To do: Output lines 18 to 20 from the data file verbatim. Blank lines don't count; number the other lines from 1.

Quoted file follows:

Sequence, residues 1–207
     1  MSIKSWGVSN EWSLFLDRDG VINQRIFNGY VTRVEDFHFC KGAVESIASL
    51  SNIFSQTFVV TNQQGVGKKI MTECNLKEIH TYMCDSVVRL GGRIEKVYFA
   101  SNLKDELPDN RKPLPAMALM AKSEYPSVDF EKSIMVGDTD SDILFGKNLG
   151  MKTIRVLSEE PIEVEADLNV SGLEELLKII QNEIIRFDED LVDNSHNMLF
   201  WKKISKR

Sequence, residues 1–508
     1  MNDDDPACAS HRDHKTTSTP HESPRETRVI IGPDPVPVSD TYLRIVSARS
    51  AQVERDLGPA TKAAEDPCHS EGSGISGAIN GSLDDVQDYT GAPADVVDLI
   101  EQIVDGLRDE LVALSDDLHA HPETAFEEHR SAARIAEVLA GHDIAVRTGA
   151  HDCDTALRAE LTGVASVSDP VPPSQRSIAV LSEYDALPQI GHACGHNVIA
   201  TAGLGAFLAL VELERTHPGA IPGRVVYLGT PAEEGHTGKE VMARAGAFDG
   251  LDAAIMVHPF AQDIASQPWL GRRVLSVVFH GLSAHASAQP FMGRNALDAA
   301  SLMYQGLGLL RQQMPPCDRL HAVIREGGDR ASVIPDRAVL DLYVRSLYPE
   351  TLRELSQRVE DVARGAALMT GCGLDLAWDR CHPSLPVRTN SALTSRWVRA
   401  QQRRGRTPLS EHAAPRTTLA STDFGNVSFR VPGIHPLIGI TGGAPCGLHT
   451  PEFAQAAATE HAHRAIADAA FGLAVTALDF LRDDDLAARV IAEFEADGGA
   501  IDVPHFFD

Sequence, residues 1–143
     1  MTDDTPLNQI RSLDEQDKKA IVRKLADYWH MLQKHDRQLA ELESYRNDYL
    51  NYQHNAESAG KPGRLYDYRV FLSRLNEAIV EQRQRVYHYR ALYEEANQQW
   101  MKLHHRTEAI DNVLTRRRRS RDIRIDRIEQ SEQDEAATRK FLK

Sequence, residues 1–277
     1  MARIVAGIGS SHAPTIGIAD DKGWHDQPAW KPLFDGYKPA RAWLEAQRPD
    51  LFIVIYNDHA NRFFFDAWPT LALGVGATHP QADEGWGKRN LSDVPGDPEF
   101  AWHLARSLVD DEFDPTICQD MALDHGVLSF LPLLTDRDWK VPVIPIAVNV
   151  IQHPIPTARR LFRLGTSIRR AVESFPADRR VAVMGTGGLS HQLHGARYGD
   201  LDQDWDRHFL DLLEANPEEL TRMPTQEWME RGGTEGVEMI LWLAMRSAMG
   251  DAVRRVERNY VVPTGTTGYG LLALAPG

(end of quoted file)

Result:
   501  IDVPHFFD

Sequence, residues 1–143
     1  MTDDTPLNQI RSLDEQDKKA IVRKLADYWH MLQKHDRQLA ELESYRNDYL